Study tests molar fracture load of adhesively luted inlays

2016 01 14 11 28 24 718 Tooth Ceramic Inlay 200

For tooth-colored CAD/CAM inlay restorations, practitioners are faced with the decision on what material to use. A new study from Dental Materials reports that unfilled polymer CAD/CAM inlays luted with self-adhesive resin cement may work as long-term restorations, with a provision that the cavities are narrow.

In this study of these inlays, European researchers sought to evaluate marginal adaptation, fracture load, and failure types. The authors acknowledged there is an ongoing search for materials with "higher fracture resistance" (Dent Mater, December 23, 2015).

"To the best of our knowledge, at present, there is no information available on the fracture load of molars restored with adhesively luted PMMA-based CAD/CAM inlays," wrote the authors, led by Dr. Andreas Ender, an assistant professor at the University of Zurich Center of Dental Medicine.

Chewing fatigue

Since the introduction of the first clinically applicable CAD/CAM system in 1985, practitioners have debated whether polymer or ceramic material is the best for restorations for patients with large mesio-occlusal-distal cavities.

“There is no information available on the fracture load of molars restored with adhesively luted PMMA-based CAD/CAM inlays.”
— Dr. Andreas Ender and co-authors

As composite and polymethyl methacrylate (PMMA) blocks have been introduced for CAD/CAM dental reconstructions as an alternative to aesthetic silicate ceramics, researchers wanted to assess how PMMA-based CAD/CAM fabricated inlays perform in these cavities with respect to marginal adaptation and mechanical stabilization of the restored tooth. The researchers tested the restorations to a chewing fatigue and subsequent loading to fracture tests.

The study included 48 extracted, caries-free molars. The teeth were randomly assigned to one of four groups (12 teeth in each group):

  • Positive control group (PCG) consisting of teeth restored with glass-ceramic CAD/CAM inlays (Empress CAD, Ivoclar Vivadent) luted using a conventional resin cement (Variolink II, Ivoclar Vivadent)
  • TRX group consisting of teeth restored with unfilled PMMA-based CAD/CAMinlays (artBloc Temp, Merz Dental) luted using a self-adhesive resin cement (RelyX Unicem, 3M ESPE)
  • TAC group consisting of teeth restored with unfilled PMMA-based CAD/CAMinlays (artBloc Temp) luted using a conventional resin cement (artCem GI, Merz Dental)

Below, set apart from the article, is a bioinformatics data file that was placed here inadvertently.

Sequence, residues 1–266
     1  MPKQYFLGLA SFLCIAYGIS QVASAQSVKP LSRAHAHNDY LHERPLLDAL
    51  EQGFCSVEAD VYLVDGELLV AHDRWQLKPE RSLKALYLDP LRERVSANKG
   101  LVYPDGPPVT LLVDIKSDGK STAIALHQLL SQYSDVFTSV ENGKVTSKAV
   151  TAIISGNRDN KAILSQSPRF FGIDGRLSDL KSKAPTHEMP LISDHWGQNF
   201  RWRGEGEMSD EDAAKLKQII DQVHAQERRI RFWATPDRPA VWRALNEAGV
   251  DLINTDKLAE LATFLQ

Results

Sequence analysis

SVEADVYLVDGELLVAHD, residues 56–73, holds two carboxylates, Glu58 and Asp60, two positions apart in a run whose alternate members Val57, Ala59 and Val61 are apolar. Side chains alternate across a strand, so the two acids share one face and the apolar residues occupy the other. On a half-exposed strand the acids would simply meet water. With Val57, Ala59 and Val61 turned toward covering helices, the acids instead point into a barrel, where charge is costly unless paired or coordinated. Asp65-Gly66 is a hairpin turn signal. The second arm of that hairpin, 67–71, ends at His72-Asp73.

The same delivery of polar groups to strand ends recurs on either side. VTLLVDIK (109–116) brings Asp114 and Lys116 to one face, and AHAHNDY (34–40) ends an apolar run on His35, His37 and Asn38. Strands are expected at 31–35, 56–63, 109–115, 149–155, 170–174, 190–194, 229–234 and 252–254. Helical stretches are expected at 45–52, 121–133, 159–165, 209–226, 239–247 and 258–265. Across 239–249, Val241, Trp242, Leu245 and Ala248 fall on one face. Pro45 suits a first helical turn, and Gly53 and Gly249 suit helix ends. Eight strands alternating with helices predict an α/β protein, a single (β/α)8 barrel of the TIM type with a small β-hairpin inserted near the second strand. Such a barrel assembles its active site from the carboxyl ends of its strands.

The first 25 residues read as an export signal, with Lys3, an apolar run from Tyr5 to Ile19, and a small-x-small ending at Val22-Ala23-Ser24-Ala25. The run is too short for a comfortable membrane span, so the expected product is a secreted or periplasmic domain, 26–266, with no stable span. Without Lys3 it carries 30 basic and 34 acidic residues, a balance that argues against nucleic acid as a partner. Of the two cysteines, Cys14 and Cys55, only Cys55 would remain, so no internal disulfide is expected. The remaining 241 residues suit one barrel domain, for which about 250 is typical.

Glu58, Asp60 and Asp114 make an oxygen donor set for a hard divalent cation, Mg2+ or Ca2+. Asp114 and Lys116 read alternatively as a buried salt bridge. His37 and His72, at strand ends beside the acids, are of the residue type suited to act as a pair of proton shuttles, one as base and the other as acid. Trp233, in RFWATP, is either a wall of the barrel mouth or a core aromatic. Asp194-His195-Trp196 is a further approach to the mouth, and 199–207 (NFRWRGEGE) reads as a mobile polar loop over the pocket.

• Negative control group (NCG) of teeth directly filled with resin-based composite (Filtek Supreme XT, 3M ESPE)

The NCG teeth received a 0.5-mm enamel bevel and were filled with resin-based composite using an incremental filling technique. For manufacturing of the CAD/CAM inlays, the teeth were scanned with a Cerec 3D camera (Sirona). The inlays were designed by CAD/CAM software (inLab 3D, Version 3.65, Sirona) and milled (InLabMC XL, Sirona).

The researchers used a chewing simulator on all the molars to measure chewing fatigue. Marginal adaptation was measured at two interfaces, between dental hard tissues and luting cement and between luting cement and restoration, both before and after the chewing simulator test. The chewing fatigue test was performed using a custom-made simulator and mechanically loaded 1.2 million times at a force of 49 N and frequency of 1.67 Hz.

The researchers next determined the fracture loads and failure types. The data were analyzed using three- and one-way analysis of variance (ANOVA) with post-hoc Scheffé test and two sample student's t-test (p < 0.05).

The researchers reported both before and after chewing fatigue, marginal adaptation for the first interface (between dental hard tissues and luting cement) showed significantly better results for TRX and PCG than for TAC (p = 0.001-0.02) and NCG (p = 0.001-0.047). Both the TAC group (p = 0.001-0.02) and the (NCG (p = 0.001-0.047) showed significantly lower marginal adaption, they found.

For the interface between luting cement and restoration (the second interface), marginal adaptation for TAC was significantly inferior to TRX (p < 0.001) and to PCG (p < 0.001). The researchers also measured that chewing fatigue had a negative impact on the marginal adaptation of both the TAC and NCG molars. However, no significant differences in fracture load were found between all tested groups.

The three-way interaction (test group versus chewing fatigue versus interface) was significant (p < 0.001), the authors reported. The interactions between test group versus interface versus chewing fatigue also showed a significant impact (p = 0.036). Therefore, the fixed effects test group, chewing fatigue, and interface cannot be compared directly as the higher order interactions were found to be significant, they noted.

Cavity walls

While the study results showed no significant differences between fracture loads of all groups, indicating that neither bonding system nor material, or the established quality of marginal adaptation had a significant effect. This might be different if cavity walls were thinner than those used in this study, according to the authors.

"Self-adhesive luted polymeric CAD/CAM inlays showed similar marginal adaptation and fracture load values compared to adhesively luted glass-ceramic inlays," they concluded.

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